After years or greiving over my old life and resisting what was coming, I finally started to work on acceptance and letting go. I could no longer run away from the fact that this was a chronic illness and the only way to move forward was to make peace with it as though it’s part of who I was, because it is. Sure, It doesn’t define who I am, but it plays a major role in every little or big decision in make in my life. It affects my energy levels, makes me put emphasis on bigger and greater things in life and hence also changes how I choose to live my life.

Things were only getting from bad to worse. The longer I held on, the more I struggled. The more everyone around me struggled, too. When I could no longer push, when my body started to scream and not just whisper, I figured it was time I made major lifestyle (my passion/activities I enjoy, the people I spent time with, my daily routine etc) and career change in order to accommodate and honour my health. And so I did.

I no longer see a point in creating suffering for myself by trying to push my body beyond its limit. It’s hard but I’ve realized that you have to make a choice every morning, to get up and do the best of your ability. Whatever your best is, is good enough. I’ve also realised the importance of staying true to your personal experience no matter what anyone says and also finding people who trust you.

Over the last few years, I’ve been working on adopting a new perspective towards my health and the choices I need to make. Firstly, I tell myself that these choices and decisions are FOR my health, not BECAUSE. Secondly, I choose to believe that I am fighting my illness by loving my body. Thirdly, I take conscious steps towards forgiving and letting go of what I thought my life “should” have been and adopt an attitude of gratitude as far as possible.

I won’t lie – living with chronic illness is tough. It complicates your life and makes you feel as if there is nothing more to life but being sick. It makes you feel like you have to climb this never-ending mountain all yourself and that no matter what you do, it’s not enough to change anything or make a real difference. It makes you think about the meaning of pain and suffering. Question your abilities and sense of self. I know the extra suffering that comes along with the physical pain.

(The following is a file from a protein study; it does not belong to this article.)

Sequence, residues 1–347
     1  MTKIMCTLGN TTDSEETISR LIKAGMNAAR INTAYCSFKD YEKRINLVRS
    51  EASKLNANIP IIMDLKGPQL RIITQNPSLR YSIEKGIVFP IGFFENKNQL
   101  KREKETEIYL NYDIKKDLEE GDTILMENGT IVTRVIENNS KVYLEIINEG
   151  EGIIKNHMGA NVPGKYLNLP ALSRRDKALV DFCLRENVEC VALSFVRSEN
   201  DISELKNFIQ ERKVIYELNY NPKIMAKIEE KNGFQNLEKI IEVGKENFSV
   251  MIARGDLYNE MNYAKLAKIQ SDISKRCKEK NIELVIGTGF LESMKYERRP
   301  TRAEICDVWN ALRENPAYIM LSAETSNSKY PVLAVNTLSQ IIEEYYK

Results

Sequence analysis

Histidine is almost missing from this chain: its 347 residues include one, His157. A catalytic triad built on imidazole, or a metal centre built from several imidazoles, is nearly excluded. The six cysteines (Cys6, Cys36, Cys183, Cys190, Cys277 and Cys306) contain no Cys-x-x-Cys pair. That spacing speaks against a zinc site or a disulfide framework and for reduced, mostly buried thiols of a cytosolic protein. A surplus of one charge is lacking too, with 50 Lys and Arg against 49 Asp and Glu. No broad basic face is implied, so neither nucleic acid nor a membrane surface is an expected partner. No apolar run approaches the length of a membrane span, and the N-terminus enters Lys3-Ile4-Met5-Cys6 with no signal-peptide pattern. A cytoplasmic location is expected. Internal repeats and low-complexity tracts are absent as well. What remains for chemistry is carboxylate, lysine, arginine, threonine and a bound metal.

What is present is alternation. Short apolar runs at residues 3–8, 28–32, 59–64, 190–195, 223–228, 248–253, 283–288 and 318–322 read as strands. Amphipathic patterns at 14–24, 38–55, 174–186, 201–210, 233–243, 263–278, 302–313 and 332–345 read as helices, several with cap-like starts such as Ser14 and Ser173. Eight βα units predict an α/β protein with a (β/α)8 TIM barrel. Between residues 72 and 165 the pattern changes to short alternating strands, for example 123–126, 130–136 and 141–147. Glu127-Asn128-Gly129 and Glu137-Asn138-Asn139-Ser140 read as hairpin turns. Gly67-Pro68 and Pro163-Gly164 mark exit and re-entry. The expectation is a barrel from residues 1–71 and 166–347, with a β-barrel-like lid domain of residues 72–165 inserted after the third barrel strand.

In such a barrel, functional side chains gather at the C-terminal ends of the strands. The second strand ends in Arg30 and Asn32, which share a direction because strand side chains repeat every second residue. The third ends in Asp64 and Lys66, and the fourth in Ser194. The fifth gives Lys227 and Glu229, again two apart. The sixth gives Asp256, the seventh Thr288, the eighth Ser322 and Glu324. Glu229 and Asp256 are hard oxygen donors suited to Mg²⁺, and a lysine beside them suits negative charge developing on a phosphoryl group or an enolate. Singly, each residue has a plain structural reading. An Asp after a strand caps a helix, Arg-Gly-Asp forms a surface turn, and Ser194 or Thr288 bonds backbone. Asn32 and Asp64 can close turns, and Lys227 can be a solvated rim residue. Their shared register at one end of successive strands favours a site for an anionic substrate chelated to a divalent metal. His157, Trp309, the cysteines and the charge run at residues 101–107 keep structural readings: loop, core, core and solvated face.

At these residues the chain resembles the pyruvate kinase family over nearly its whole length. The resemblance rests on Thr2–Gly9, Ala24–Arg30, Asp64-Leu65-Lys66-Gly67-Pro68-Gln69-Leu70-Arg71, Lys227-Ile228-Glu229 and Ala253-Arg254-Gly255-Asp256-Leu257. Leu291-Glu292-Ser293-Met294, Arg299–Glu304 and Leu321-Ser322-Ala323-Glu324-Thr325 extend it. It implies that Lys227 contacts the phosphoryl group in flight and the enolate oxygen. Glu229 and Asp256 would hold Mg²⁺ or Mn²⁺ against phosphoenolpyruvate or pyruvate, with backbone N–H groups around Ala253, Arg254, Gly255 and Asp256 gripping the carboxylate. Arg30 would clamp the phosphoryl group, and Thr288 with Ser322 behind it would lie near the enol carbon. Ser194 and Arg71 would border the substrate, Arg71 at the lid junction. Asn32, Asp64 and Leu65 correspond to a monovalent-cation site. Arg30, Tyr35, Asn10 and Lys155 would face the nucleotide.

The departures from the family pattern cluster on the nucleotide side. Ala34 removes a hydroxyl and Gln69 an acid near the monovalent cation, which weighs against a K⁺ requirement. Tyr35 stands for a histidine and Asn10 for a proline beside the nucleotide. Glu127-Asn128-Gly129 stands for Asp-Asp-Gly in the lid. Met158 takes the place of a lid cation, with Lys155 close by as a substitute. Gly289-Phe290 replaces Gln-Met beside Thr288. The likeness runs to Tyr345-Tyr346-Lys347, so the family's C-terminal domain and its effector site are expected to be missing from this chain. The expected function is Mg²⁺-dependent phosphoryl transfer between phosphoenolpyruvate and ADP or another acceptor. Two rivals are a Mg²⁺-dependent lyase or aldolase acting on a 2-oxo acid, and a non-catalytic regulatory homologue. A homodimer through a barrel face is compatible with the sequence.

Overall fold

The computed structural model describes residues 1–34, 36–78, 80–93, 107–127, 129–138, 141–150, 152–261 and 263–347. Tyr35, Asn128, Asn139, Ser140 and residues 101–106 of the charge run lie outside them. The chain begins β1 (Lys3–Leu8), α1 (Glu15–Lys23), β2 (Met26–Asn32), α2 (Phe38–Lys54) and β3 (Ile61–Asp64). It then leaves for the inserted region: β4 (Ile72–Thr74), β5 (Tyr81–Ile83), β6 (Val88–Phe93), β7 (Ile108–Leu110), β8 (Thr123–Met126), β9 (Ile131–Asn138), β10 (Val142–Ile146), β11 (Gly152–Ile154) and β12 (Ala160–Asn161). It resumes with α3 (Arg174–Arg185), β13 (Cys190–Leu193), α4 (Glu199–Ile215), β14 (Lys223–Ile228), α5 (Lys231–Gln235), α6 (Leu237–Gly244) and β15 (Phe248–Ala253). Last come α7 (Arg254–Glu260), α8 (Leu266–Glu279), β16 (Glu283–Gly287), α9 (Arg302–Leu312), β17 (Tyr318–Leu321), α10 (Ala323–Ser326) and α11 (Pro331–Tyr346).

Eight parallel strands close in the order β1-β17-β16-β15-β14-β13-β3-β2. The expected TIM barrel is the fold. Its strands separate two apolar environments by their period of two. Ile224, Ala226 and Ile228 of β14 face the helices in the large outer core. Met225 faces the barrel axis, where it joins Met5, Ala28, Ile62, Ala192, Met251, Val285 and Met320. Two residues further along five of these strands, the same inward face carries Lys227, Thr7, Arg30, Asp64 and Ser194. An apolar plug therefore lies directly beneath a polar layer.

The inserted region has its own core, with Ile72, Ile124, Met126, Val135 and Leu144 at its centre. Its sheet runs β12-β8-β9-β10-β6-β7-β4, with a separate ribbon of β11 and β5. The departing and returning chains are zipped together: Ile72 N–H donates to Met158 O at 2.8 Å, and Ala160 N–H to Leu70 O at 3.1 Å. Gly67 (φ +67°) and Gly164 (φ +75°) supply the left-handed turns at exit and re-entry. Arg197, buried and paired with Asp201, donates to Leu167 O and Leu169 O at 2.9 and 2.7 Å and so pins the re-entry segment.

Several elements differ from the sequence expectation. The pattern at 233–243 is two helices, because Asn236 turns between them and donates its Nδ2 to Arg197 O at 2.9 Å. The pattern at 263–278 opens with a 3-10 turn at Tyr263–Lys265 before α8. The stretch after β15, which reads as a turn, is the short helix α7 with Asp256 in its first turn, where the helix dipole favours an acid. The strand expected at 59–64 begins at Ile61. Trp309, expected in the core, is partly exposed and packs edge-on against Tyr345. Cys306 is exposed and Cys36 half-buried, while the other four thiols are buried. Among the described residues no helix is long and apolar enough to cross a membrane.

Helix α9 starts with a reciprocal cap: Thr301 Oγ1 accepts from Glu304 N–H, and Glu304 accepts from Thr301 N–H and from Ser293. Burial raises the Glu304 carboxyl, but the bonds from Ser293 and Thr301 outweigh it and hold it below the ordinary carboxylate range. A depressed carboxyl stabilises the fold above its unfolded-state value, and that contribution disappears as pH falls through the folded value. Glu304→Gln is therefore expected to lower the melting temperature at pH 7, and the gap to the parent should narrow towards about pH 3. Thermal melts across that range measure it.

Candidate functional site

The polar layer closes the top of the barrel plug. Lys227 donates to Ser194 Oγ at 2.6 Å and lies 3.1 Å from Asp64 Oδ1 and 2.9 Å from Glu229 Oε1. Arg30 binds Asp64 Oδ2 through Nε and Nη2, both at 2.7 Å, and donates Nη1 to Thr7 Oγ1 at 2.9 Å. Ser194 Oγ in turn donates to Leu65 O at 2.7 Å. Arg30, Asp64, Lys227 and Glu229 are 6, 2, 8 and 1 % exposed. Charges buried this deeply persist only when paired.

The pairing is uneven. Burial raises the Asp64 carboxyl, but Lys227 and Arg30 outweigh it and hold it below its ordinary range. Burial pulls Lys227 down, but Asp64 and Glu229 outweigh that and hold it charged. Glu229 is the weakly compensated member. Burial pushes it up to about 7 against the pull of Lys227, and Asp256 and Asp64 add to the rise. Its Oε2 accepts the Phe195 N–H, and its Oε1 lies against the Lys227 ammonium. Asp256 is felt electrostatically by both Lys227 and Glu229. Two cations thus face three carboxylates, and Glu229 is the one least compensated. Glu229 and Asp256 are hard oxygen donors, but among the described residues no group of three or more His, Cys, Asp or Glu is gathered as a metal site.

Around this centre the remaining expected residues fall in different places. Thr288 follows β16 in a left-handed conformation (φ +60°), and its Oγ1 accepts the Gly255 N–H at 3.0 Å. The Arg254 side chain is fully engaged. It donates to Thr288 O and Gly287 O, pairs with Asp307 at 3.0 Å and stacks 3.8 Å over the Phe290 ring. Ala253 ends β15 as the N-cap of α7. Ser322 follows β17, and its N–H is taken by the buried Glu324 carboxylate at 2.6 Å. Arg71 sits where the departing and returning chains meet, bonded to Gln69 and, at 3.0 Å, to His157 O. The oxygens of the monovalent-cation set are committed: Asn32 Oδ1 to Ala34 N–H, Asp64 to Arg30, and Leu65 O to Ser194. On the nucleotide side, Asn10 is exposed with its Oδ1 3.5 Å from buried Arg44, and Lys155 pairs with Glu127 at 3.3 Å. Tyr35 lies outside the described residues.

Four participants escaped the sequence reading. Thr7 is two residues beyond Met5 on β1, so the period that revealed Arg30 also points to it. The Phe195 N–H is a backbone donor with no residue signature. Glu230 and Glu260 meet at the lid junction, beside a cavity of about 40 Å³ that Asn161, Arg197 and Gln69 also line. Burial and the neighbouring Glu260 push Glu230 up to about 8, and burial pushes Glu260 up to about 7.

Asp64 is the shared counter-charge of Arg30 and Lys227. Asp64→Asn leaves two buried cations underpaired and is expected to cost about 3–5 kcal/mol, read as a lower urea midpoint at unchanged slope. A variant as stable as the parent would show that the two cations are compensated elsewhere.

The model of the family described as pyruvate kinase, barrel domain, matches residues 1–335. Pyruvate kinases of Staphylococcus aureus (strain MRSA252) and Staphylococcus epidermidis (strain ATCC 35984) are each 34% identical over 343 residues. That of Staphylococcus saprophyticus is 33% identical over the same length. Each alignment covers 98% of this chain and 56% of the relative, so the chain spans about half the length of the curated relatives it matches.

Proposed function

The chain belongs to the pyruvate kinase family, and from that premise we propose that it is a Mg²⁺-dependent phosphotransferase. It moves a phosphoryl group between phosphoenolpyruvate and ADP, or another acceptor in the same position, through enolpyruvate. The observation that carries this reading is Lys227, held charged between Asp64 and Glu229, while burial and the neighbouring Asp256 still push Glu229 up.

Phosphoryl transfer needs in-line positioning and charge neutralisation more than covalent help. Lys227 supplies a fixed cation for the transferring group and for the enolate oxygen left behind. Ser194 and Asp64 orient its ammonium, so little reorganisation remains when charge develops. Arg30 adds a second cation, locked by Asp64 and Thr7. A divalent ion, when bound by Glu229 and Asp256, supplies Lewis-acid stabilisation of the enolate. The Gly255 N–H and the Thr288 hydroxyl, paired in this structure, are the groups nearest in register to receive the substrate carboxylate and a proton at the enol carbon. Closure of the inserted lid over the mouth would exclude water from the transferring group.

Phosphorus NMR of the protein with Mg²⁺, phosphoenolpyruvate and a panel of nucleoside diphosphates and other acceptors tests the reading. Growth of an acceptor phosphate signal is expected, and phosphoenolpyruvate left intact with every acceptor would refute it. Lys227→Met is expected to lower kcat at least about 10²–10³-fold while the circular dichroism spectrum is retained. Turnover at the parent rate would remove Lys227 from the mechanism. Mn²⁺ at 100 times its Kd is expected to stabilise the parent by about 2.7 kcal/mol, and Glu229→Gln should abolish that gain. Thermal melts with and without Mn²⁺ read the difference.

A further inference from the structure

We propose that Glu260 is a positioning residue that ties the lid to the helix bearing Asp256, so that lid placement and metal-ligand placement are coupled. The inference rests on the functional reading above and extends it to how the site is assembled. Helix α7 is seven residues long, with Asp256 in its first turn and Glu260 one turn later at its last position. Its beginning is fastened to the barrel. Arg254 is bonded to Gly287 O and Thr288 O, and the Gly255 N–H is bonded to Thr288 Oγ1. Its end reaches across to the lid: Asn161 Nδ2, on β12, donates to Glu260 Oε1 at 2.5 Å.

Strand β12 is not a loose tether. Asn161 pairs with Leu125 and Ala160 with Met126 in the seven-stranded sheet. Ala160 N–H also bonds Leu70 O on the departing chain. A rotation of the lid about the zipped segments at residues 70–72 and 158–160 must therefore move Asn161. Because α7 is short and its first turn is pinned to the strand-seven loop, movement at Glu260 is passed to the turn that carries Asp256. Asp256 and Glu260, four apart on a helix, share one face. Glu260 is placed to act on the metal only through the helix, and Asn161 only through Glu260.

Then again, every day is a new day and all we can do is acknowledge our pain and learn to work with it. It might require you to reassess your path every now and then and do what is in alignment with your health. That choice to work with your body while taking one little step forward towards what you love, or what frees you and makes you feel at peace is what reflects your strength and courage. It’s not your illness that defines you, it’s how your choose to live with it that does.

You have the choice to do something every day that makes you experience a small victory. And many victories put together allows you to overcome the burden of living with a life-altering illness.

Keep in mind that this ‘something’ I’m referring to doesn’t have to an incredibly big task or fit the expectation of the society in any way. It could be something as basic as getting out of the bed, holding a brush and writing a letter, doing an extra shift of your part-time job, washing your own hair, maybe cooking yourself a meal, meeting someone you love, reading a book to nurture your mind… anything that makes you feel like you’ve taken a step forward on that given day is a good enough start.

One day at a time.

One step at a time.

and, remmeber, you’re allowed to pause for as long as you need to before starting again.

Love,

MD

this is a photo from last year when I stepped out of my apartment for the first time after being bedridden for seven months. Apart from the trips i made to the hospital for tests and appointments, i was completely bedbound due to a massive lower back flare which caused excruciating pain and muscle spasms in my entire lower body. i was also undergoing a treatment for #sibo, following a highly restrictive diet which was helping my physical symptoms and also changing my relationship with food for the first time. With support from my close friends and a couple of family members, i somehow survived those seven months in my own apartment, walking not more than 200 something steps per day. i think i’ve dealt with times worse than that and have come out a little wiser and stronger each time in my entire life. Despite spending countless nights in pain and doubt of whether i’d get out of bed the next day, i’m still here today. Not ‘fixed’ or magically cured. Just doing my best and allowing myself some rest. And so are you. And I promise, if you’ve come this far, you can go even farther.